Deen – In the Disco

#9 in the Grand Final

Oh lord, how did this happen?!? Moments like this are why I love Eurovision. Fiercely heterosexual Deen tried his best to get some chemistry with the female dancers for the more deluded viewers, but all said and done this is a fantastically full-on Eurotrash disco masterpiece.

There’s not a huge amount to it lyrically, it’s just about loving music in a disco, with a frankly astonishing hi-NRG dance routine. His vocals might sound a bit weak, but it all feels like that’s how it’s supposed to be. He hits the notes despite the frantic choreo and struts confidently around underneath that awesome mutant disco-ball. A real joy, even though Europe were never going to be totally on board, but 9th place is a great achievement for something like this.

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Belarus Belarus

Aleksandra and Konstantin – My Galileo

Did not qualify, #19 in Semi-final

Highest non-qualifier here, and I get why it might have floundered a bit, but my God, this is the lightest most uplifting bit of ethno-pop I think I’ve ever heard at Eurovision. Not sure how to describe it… speed new-age? I’m still astonished that this is in English, I dare you to decode more than 10% of the words without the internet.

What does “My Galileo” even MEAN? Anyway I don’t care, treated as a foreign-language track it’s totally magical, heartwarming and of course totally doomed. I’ve just seen the music video for the first time, what the hell? Is she controlling the solar system? What an enigma!

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Belgium Belgium

Xandee – 1 Life

#22 in the Grand Final

It’s not easy being a Belgian Eurovision fan, consoling yourself that at least you aren’t a Dutch Eurovision fan. For there have been disappointingly few times Belgium have had justice served in their favour. OK they haven’t been amazing, but at least Kate Ryan should have qualified in 2006. Xandee at least didn’t have to qualify for 2004’s final, with Belgium’s Sanomi missing out on a second Belgian victory the year before by only 3 points.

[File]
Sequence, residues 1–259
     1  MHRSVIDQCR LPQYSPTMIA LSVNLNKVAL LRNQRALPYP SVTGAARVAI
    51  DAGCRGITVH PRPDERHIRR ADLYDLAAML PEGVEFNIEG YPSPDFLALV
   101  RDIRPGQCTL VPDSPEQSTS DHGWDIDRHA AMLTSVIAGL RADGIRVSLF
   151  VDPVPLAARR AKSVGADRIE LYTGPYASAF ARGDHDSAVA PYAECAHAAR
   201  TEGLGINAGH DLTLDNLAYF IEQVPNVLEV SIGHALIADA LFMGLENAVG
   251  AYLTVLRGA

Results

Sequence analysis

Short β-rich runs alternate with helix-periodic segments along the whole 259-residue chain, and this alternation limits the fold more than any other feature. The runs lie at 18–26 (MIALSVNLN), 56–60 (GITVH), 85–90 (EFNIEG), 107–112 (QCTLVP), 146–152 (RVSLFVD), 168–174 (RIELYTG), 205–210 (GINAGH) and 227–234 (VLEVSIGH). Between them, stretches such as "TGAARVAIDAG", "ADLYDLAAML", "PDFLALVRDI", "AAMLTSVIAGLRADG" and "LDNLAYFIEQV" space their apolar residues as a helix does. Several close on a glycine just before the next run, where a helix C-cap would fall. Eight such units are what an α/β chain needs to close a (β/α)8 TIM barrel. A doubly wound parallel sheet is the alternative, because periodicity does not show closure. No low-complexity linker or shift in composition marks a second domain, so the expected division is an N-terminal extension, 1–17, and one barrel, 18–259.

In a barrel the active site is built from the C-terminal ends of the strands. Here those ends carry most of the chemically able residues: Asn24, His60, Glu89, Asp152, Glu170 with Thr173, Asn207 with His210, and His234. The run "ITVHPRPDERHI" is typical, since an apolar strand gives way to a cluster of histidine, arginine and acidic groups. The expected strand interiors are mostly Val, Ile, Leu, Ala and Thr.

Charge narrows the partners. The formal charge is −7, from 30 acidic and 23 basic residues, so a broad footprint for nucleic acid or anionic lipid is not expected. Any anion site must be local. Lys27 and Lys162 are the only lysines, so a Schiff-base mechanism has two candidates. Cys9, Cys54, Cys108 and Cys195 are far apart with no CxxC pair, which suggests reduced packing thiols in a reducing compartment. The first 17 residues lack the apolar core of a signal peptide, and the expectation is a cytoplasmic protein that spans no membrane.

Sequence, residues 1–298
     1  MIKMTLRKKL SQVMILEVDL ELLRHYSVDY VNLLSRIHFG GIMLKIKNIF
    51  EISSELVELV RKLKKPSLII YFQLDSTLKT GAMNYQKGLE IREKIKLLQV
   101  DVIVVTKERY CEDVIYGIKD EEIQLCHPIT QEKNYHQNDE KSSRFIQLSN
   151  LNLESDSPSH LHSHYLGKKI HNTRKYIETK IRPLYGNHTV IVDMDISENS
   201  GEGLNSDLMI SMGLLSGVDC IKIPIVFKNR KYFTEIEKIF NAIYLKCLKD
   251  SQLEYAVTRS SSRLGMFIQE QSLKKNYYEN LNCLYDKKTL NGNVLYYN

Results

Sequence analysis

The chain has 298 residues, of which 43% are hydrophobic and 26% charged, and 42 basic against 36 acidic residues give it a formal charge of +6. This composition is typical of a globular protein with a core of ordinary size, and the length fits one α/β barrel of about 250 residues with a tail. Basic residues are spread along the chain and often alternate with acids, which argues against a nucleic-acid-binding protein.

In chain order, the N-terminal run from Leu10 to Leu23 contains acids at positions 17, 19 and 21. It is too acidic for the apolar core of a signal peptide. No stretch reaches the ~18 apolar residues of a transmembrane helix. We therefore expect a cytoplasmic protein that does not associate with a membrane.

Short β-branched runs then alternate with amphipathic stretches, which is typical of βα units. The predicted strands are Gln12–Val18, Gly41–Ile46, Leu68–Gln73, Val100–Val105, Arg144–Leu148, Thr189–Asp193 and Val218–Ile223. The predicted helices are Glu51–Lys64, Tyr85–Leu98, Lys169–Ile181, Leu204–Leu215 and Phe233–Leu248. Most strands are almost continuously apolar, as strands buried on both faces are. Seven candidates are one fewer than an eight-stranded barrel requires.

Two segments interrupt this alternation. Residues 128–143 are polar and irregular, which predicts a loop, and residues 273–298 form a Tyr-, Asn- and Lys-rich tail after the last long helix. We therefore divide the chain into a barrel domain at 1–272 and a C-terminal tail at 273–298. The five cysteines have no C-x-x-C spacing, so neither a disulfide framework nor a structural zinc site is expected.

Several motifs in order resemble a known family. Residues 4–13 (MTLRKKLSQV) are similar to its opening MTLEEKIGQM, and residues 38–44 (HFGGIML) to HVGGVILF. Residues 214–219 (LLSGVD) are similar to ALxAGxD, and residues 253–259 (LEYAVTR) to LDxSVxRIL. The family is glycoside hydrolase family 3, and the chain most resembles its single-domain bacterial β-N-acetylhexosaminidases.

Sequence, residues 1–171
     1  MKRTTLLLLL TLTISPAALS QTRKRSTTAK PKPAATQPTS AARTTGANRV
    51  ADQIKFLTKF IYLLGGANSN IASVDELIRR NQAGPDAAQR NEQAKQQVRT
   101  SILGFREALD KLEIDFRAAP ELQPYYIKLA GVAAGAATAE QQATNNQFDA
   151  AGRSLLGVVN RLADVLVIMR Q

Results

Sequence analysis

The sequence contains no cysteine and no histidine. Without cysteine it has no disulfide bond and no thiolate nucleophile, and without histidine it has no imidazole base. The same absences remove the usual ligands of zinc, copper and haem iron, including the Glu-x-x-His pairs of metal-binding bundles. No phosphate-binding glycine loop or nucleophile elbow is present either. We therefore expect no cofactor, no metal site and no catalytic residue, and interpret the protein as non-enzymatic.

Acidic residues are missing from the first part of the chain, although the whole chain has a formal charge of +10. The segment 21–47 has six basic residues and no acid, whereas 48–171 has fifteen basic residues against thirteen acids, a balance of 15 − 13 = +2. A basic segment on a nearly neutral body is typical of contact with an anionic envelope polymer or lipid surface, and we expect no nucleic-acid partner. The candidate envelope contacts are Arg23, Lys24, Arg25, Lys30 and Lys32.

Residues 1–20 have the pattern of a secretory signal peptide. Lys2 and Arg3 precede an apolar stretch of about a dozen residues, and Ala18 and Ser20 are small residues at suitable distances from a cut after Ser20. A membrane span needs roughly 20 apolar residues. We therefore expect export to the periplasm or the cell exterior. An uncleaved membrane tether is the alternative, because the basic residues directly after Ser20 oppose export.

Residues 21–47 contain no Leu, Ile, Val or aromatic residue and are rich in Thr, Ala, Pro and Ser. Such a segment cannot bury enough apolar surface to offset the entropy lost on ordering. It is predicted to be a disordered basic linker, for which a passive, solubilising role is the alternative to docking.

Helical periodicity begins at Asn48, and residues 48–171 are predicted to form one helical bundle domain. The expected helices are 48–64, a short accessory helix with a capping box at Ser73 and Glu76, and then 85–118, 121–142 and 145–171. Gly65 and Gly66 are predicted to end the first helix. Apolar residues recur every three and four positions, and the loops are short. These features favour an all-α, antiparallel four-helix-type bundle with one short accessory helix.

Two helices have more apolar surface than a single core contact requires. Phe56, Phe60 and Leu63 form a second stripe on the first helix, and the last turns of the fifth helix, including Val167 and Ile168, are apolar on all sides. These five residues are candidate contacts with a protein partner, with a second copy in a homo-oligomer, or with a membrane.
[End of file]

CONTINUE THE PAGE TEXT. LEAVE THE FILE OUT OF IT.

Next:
Still, let’s not dwell on that, nor the fact that Xandee came a sad 23rd in the final. What we have is a powerfully-performed Europop titan. My only criticism is that it sounds pretty dated now, in the great way that trancey-pop music from that region was great at the time, like Ian Van Dahl and Lasgo etc.

It sounds a little more like a tampon advert soundtrack than those acts, but Xandee gives it her all, with a frantic arm-waving dance routine. Some great camera shots from behind the stage too, it just all came together for me.

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Sweden Sweden

Lena Philipsson – It Hurts

#5 in the Grand Final

A golden rule of Eurovision is never to rule out Sweden. The adoptive motherland of the contest, they (usually) give it their best every year. This time it’s Schlager superstar Lena’s turn with a minimal routine of her doing everything she can with a mic stand.

This is classic Schlager heartbreak, with that campy wry smile from Lena doing her best drunk inappropriate aunt persona. I must admit I thought the Swedophiles made a bit too much of the microphone dance, but it’s such a solid pop song that it’s difficult not to get taken in.

I’ve loved the handful of Lena songs I’ve heard so I’ll certainly look into her when I get a chance. She worked the crowd in Istanbul, and was rewarded accordingly.

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Albania Albania

Anjeza Shahini – The Image of You

#7 in the Grand Final